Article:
While rural-urban migration was severely controlled during governance by the Anglo-French Condominium between 1906-1980, substantial infrastructure construction carried out by the American presence during the second world war, accorded a cross-section of Ni-Vanuatu with experiences of urban living (Petrou & Connell, 2017). The abnormally rapid urbanisation at that time had a lasting impact on Ni-Vanuatu. Culturally, the manifestation of the western monetisation system, along with the unbelievable display of wealth of the Americans projected a utopian image of urban living. With improved access to inter-island transportation, sustained migration of outer island peoples has occurred since.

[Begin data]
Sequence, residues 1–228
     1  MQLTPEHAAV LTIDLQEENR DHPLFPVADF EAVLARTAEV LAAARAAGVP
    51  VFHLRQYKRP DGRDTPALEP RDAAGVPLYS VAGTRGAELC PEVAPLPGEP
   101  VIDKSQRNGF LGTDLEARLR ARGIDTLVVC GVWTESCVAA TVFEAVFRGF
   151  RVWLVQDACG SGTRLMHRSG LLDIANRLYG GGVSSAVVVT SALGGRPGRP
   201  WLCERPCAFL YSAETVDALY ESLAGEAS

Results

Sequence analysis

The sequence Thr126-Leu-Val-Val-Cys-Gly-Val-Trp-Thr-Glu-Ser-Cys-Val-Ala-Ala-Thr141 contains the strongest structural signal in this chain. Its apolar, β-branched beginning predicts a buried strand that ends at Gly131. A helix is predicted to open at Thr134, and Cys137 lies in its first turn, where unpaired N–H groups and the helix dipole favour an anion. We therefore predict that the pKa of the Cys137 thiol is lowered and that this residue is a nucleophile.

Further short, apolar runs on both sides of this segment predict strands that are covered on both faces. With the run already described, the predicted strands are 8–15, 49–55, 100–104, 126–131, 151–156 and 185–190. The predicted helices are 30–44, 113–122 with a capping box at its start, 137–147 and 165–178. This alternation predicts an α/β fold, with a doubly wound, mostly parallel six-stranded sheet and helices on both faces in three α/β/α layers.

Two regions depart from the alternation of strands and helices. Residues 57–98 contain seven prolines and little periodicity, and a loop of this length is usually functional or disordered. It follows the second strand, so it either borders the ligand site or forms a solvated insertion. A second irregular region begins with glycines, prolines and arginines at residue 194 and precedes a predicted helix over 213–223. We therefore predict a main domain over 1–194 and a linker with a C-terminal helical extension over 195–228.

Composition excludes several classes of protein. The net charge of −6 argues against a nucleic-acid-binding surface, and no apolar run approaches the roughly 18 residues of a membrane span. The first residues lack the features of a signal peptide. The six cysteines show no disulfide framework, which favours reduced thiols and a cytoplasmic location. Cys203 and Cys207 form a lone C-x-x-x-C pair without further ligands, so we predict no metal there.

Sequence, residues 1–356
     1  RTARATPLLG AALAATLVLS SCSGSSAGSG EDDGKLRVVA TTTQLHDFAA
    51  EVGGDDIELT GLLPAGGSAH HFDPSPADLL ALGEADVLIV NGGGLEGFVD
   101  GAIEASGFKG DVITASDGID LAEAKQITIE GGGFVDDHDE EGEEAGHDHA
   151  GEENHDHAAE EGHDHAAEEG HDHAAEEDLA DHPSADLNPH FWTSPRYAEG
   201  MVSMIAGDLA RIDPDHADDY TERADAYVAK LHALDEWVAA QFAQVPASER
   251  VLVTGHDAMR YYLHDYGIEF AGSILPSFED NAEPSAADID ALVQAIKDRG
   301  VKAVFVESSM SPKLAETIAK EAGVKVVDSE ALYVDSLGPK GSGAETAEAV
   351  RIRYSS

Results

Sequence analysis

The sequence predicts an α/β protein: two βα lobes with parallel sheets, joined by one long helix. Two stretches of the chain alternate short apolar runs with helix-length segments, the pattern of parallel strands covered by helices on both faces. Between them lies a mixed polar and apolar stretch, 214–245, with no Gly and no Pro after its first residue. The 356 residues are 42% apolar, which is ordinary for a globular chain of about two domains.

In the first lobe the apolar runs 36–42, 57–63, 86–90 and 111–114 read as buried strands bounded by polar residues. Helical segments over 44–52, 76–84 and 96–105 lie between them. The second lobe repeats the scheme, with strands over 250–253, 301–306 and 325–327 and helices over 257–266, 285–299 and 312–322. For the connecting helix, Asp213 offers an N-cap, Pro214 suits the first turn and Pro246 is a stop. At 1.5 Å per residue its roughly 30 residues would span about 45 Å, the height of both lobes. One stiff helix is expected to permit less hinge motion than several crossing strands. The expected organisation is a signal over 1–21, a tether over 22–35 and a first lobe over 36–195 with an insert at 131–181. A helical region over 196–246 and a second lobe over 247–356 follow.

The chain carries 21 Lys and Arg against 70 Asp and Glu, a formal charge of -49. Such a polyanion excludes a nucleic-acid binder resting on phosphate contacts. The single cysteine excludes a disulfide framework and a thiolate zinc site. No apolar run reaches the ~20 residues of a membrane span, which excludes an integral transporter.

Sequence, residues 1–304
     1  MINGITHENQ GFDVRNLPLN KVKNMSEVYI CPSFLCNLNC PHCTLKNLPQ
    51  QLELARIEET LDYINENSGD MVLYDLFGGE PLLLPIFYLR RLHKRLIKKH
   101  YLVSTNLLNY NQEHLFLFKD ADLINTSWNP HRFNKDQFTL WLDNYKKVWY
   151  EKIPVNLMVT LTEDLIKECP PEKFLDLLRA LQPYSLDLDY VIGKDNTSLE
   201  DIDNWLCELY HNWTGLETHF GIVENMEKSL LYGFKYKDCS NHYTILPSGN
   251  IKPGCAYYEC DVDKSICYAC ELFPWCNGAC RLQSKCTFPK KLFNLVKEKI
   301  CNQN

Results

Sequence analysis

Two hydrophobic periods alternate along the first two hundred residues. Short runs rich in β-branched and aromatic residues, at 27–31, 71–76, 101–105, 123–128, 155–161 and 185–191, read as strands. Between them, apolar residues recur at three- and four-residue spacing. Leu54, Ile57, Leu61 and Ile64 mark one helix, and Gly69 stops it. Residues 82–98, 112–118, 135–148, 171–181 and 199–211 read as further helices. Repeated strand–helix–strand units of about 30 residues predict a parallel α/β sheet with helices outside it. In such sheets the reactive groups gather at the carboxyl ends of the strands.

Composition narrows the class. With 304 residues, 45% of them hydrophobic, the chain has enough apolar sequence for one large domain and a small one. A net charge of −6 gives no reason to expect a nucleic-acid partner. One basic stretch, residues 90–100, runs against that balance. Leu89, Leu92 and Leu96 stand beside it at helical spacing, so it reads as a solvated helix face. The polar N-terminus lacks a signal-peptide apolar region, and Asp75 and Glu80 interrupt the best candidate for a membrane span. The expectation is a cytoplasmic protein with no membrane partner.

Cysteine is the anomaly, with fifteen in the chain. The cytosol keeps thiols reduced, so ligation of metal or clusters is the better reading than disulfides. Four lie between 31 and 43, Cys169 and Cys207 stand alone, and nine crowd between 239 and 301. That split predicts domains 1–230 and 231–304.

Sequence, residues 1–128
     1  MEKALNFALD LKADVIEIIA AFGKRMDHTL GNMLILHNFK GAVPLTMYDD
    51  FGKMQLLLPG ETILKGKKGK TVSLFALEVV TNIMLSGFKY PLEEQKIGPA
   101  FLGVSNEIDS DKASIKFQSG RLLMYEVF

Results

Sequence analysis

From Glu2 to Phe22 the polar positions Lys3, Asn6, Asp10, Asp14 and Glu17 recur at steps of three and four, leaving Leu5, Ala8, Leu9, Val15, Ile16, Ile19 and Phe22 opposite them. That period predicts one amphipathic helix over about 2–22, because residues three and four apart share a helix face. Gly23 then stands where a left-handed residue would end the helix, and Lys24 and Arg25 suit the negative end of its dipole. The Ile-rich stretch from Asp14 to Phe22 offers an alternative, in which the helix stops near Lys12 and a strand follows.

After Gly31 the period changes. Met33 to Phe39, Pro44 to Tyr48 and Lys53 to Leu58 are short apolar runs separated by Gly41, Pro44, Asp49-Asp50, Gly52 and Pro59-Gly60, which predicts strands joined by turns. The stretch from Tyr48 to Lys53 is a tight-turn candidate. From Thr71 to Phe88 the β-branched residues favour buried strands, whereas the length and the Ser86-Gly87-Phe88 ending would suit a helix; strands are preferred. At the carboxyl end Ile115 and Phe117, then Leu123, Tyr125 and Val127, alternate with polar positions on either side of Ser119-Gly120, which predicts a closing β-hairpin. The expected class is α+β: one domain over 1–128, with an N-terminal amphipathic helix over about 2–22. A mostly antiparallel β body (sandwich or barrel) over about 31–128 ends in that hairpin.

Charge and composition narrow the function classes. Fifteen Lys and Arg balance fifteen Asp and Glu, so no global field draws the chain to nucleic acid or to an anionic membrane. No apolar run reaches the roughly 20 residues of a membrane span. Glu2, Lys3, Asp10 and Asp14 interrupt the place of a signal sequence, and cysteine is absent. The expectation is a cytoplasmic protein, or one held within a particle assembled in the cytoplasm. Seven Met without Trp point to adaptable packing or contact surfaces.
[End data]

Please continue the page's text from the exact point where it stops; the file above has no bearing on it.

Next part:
After the second world war, the centralisation of government services, major education institutions, healthcare and most of the country’s infrastructure incentivised migration of Ni-Vanuatu in search for better livelihoods. Since independence in 1980, neo-liberal economic strategies have been actively encouraged by international development agencies and the majority of tourism infrastructure has been constructed in and around Port Vila, with an increased need for construction and hospitality workers. As a consequence, Port Vila has grown at an extraordinary rate with its population tripling in size in the two decades since 1980 (Chung & Hill, 2002) Throughout the 1990’s urban population growth occurred at an average of 4.0% , around twice that of the rural growth and has continued apace since (Keen & Connell, 2019).